Update COVID-19 in Indonesia: 4,066,404 confirmed infections, 131,372 deaths (28 August 2021)
15 September 2021 (closed)
Jakarta Composite Index (6,110.23) -18.86 -0.31%
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Indonesia's Ministry of Industry is optimistic that the country's manufacturing industry will grow 5.7 percent (year-on-year) in 2016, up from the estimated 5.3 percent growth pace this year. Indonesian Minister Saleh Husin said this optimism is based on higher domestic direct investment. Domestic investment realization in Indonesia's industry sector rose 7.45 percent (y/y) to IDR 20.1 trillion (approx. USD $1.5 billion) in the third quarter of 2015 from IDR 18.7 trillion in the same quarter last year. Foreign direct investment (FDI) into Indonesia's industry sector stood at USD $3.15 billion in Q3-2015.
Minister Husin stated that the growth of the non-oil & gas manufacturing industry reached 5.21 percent (y/y) in the third quarter of 2015, up from the growth pace of 4.73 percent (y/y) recorded in the same quarter last year. In nominal terms, the export of manufactured (non-oil & gas) products in Indonesia's industry sector stood at USD $72.2 billion in the first eight months of 2015. Indonesia's main export markets for these products are the USA, Japan, China, Singapore and India. Husin said exports of industrial products accounted for about 70 percent of the nation's total exports in the January-August 2015 period.
Indonesia's (non-oil & gas) industrial sector accounts for 17.8 percent of the country's gross domestic product (GDP) up to the third quarter of 2015, up from 17.4 percent in the same period last year. The Industry Ministry targets this figure to rise to 18.5 percent by the end of 2015.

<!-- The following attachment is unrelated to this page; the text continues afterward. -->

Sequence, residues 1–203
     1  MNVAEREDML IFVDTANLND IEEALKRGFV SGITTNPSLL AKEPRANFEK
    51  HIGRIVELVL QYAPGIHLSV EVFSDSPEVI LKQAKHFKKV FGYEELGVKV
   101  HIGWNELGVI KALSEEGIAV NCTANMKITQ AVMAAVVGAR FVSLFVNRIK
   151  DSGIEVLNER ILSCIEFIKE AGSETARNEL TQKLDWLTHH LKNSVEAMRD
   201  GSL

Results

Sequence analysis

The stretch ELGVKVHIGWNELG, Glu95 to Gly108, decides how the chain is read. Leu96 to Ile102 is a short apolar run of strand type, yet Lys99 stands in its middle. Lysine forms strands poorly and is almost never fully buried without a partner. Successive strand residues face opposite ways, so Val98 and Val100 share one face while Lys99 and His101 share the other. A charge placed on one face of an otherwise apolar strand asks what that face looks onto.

Husin emphasized the importance to boost competitiveness in Indonesia's industrial sector by improving the availability of electricity and gas at competitive rates, having more competitive interest rates at commercial banks, as well as reducing the country's currently high logistics costs.
The relatively high gas price in Indonesia is a particular concern to the petrochemical, ceramic, glass and fertilizer industries. Whereas industries in Malaysia and Vietnam pay USD $5 per british thermal unit (mmbtu), the gas price in Indonesia is currently still at USD $9 per mmbtu. In an effort to boost domestic industries, the Indonesian government decided to cut energy tariffs for labor-intensive industries in an economic stimulus package unveiled on 7 October 2015. For gas, it means that prices will be cut to USD $7 per mmbtu per January 2016. Although this will indeed cut operational costs, the price is still much higher than in aforementioned countries, making Indonesia's manufactured exports less competitive.